U.K. pension funds and other institutional investors should sound the alarm about excessive risk-taking at the companies in which they put their money, Britain's accounting regulator said in new guidelines published Friday.
The measures are part of a voluntary “stewardship code” being implemented by the Financial Reporting Council in response to a report on governance in financial firms last year. Some financial services lawyers already have criticized the likely effectiveness of the code because it isn't mandatory.
The rules are intended to complement changes to the FRC's corporate governance code published in May, which sought to make FTSE 350 index companies more accountable to shareholders. The changes were the first since bad bets in the U.K. financial industry led to bailouts of Royal Bank of Scotland Group, Lloyds Banking Group and Northern Rock during the financial crisis.
The code is “an opportunity to build a critical mass of U.K. and overseas investors committed to the high quality dialogue with companies” needed to underpin good governance, the FRC said in a statement.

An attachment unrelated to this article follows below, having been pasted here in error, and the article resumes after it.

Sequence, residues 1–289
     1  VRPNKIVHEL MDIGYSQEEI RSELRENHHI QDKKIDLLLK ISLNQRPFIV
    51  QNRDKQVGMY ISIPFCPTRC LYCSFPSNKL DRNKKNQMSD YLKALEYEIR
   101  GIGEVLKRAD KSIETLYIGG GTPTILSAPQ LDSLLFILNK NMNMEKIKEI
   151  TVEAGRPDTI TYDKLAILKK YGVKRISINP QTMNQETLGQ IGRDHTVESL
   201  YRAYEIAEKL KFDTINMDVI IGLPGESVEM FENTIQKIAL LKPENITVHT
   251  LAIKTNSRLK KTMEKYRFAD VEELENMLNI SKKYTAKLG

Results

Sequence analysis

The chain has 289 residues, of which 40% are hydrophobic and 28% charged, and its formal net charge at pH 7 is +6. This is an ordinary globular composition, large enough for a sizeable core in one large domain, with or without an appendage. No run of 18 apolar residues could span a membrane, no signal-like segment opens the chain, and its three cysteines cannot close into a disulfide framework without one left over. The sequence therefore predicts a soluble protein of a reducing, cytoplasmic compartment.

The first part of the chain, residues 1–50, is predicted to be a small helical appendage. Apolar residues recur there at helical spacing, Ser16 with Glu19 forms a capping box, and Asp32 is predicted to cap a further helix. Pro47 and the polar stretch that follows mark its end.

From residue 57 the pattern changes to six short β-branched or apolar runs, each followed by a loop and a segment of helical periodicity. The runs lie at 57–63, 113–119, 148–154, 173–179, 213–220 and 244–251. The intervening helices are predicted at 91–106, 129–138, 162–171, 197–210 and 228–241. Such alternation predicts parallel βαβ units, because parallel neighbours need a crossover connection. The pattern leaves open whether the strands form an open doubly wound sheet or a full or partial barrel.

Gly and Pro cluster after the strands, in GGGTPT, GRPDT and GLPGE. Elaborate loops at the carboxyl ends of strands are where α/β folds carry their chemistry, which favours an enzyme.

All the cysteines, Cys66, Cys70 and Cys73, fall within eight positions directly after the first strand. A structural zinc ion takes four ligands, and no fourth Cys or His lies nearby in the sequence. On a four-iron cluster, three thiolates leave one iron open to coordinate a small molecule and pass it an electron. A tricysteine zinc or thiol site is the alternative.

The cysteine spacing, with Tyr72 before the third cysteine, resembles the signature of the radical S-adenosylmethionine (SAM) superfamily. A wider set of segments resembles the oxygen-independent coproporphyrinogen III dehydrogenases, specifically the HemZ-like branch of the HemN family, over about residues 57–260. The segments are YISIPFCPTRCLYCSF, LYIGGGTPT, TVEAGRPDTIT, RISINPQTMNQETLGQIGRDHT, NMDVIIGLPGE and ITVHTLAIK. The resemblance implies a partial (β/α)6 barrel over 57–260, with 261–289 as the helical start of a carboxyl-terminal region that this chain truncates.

The Financial Services Authority is separately considering proposals to require authorized asset managers to report on whether they're complying with the code.
The code is almost identical to guidelines already in use by Britain's Institutional Shareholders Committee, and the FRC put off until next year tackling “significant” issues, such as whether investors should disclose their policies on stock lending.
The rules call on institutional investors to create a policy on managing conflicts of interest, establish guidelines for escalating situations to protect shareholder value, prepare to act collectively with other investors and have a clear policy on voting and disclosure of voting activity.